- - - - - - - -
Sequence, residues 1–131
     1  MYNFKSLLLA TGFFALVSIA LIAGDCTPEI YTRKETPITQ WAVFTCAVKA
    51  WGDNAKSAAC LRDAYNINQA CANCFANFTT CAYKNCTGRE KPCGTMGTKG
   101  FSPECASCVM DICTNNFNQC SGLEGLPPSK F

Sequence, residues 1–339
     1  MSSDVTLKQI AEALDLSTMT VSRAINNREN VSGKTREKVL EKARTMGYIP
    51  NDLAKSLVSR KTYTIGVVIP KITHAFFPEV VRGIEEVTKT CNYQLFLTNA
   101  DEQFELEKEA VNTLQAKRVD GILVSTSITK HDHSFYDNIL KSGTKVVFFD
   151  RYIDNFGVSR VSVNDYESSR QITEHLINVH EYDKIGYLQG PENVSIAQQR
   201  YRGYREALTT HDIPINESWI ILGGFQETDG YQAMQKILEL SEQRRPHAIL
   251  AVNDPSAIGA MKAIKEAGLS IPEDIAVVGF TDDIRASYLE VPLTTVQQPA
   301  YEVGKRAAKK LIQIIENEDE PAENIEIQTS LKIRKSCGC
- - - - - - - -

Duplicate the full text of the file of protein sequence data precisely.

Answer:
Sequence, residues 1–131
     1  MYNFKSLLLA TGFFALVSIA LIAGDCTPEI YTRKETPITQ WAVFTCAVKA
    51  WGDNAKSAAC LRDAYNINQA CANCFANFTT CAYKNCTGRE KPCGTMGTKG
   101  FSPECASCVM DICTNNFNQC SGLEGLPPSK F

Sequence, residues 1–339
     1  MSSDVTLKQI AEALDLSTMT VSRAINNREN VSGKTREKVL EKARTMGYIP
    51  NDLAKSLVSR KTYTIGVVIP KITHAFFPEV VRGIEEVTKT CNYQLFLTNA
   101  DEQFELEKEA VNTLQAKRVD GILVSTSITK HDHSFYDNIL KSGTKVVFFD
   151  RYIDNFGVSR VSVNDYESSR QITEHLINVH EYDKIGYLQG PENVSIAQQR
   201  YRGYREALTT HDIPINESWI ILGGFQETDG YQAMQKILEL SEQRRPHAIL
   251  AVNDPSAIGA MKAIKEAGLS IPEDIAVVGF TDDIRASYLE VPLTTVQQPA
   301  YEVGKRAAKK LIQIIENEDE PAENIEIQTS LKIRKSCGC